After a period of calm and tranquility, with geopolitical chaos being set aside as investors focused on better-than-expected second quarter earnings, volatility made a comeback on Friday as the Dow Jones Industrial Average tested below its 20-day moving average.
A close below this level represents the break of an unblemished uptrend going back to May. And with it, the feeling of invincibility that Wall Street has been enjoying.
How else can you explain the speculative frenzy and pure momentum chasing that boosted Cynk Technology (CYNK) to a $6 billion market capitalization for a company with no revenue, no serious business plan, and a single employee running around somewhere in Belize? Or the short squeeze in Herbalife (HLF), a company that is clearly questionable? Or the rebound in biotechnology stocks after the Federal Reserve warned of stretched valuations?
Measures of investor sentiment, portfolio positioning, margin debt, and valuations have all become extended and vulnerable to a correction. Sure, the bulls will say the cyclically adjusted S&P 500 price-to-earnings ratio is within historical norms. But it's at levels that have only been exceeded in 1929, 2000, and 2007.
While folks have been quick to dismiss the situations in Ukraine, Iraq, and Israel, a number of new catalysts next week won't be so easily ignored.
These include the conclusion of the Federal Reserve's two-day policy meeting on Wednesday, which will further wind down the ongoing "QE3" bond purchase stimulus program. We have the initial reading on second quarter GDP, which will be critical after the very soft result in the first quarter. And we have the July jobs report on Friday, which if strong would bring forward estimates of the first Fed short-term interest rates hike into early 2015.
Once the fever of overconfidence is broken, investors will notice that the market isn't as strong and robust as it appeared on the surface. Market breadth -- a measure of how broadly stocks are participating to the upside -- has been weakening for weeks. The percentage of NYSE stocks above their 50-day moving average has dropped to around 60 percent from a peak of more than 83 percent at the start of July.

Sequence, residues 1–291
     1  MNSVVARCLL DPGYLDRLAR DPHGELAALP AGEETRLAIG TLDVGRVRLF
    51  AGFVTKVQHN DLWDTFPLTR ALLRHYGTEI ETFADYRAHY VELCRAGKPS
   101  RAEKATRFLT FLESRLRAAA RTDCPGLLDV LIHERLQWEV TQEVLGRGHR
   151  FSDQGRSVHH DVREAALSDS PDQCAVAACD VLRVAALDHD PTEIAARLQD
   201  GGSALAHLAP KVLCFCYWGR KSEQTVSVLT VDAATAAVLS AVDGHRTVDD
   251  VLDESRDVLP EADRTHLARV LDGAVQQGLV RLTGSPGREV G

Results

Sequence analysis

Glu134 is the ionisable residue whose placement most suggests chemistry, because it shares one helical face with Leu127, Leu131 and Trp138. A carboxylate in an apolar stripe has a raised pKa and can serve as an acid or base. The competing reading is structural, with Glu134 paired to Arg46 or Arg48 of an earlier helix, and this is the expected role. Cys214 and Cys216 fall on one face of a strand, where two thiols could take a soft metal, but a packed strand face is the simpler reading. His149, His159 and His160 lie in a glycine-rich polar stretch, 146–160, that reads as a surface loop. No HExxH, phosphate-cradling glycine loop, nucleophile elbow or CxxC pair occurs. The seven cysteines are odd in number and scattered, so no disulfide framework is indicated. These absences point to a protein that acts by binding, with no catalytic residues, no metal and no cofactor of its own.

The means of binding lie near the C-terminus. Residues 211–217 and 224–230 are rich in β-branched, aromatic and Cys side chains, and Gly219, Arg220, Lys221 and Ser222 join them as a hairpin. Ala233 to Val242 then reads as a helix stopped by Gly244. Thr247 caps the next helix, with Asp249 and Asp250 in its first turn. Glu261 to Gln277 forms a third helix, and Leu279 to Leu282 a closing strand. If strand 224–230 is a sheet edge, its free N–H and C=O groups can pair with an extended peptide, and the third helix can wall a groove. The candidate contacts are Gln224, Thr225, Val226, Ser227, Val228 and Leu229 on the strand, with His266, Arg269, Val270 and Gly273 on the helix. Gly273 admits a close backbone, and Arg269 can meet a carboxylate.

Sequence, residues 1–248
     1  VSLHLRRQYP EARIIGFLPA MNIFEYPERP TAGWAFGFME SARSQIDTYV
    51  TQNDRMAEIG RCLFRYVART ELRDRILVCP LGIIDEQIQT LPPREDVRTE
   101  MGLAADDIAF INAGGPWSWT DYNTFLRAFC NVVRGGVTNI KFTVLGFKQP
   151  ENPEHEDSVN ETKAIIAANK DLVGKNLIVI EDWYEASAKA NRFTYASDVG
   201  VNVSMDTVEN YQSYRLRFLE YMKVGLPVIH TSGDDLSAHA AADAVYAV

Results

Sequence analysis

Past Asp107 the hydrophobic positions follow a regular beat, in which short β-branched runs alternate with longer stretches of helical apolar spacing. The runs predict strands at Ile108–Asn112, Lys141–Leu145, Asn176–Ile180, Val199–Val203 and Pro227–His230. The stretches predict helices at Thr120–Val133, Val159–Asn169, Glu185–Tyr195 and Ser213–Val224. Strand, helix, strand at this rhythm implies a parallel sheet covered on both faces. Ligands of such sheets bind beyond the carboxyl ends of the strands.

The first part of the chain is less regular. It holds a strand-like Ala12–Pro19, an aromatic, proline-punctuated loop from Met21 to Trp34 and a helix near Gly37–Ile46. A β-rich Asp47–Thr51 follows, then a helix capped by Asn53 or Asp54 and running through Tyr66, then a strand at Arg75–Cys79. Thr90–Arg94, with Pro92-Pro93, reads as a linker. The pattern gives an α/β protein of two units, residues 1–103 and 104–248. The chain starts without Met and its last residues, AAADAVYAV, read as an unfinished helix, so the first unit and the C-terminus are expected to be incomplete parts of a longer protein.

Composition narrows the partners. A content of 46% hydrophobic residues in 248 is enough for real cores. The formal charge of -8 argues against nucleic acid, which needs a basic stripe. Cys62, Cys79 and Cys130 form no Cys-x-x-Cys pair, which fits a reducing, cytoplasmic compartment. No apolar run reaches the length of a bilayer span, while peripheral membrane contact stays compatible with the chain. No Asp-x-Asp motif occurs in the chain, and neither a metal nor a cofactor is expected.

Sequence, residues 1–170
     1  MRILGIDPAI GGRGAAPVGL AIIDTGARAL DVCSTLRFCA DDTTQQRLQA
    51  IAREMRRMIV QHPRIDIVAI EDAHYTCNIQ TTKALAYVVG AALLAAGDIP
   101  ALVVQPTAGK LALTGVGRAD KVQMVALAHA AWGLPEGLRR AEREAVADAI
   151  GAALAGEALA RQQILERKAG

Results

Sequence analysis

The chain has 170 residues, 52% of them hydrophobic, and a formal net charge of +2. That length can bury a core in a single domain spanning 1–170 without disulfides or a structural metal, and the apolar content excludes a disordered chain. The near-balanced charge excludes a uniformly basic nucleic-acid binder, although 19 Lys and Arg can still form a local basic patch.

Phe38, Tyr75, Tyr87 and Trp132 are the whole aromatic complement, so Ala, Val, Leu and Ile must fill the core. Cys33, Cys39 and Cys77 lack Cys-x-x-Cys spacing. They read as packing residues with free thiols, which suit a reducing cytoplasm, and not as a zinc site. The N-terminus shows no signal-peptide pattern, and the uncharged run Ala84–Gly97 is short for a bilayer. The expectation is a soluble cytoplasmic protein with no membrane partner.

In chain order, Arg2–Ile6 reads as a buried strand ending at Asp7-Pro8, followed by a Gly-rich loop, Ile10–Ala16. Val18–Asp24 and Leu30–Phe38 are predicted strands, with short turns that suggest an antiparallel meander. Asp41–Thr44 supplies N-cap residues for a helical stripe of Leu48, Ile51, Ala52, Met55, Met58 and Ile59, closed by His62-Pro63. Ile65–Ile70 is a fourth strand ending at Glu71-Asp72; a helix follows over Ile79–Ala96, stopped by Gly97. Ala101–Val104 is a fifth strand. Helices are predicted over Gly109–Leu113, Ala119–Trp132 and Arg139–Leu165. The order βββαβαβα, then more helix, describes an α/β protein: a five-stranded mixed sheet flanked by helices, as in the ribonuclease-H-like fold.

Just focusing on the 30 components of the Dow Jones Industrial Average tells the story. A growing number of stocks on the list are rolling over. General Electric (GE) is set to close below its 200-day moving average for the first time since February. American Express (AXP) looks set to close below its 50-day moving average for the first time since May. Boeing (BA) has dropped to levels not seen since April. Caterpillar (CAT) has broken an uptrend going all the way back to November.
And United Technologies (UTX) -- an industrial sector stalwart -- has collapsed below its 200-day average on a scale that hasn't been seen since 2012.
Yet the Dow is now merely testing its 20-day average while the market overall hasn't suffered a 10 percent correction in more than 1,000 days. We're overdue. Given all this, plus indications that diplomatic efforts in Ukraine and Israel are failing to bear fruit, investors should start preparing for fireworks in the days and weeks to come -- because as I explored in a recent post, it looks like professional traders already are.
Disclosure: Anthony has recommended put option positions against GE to his clients.
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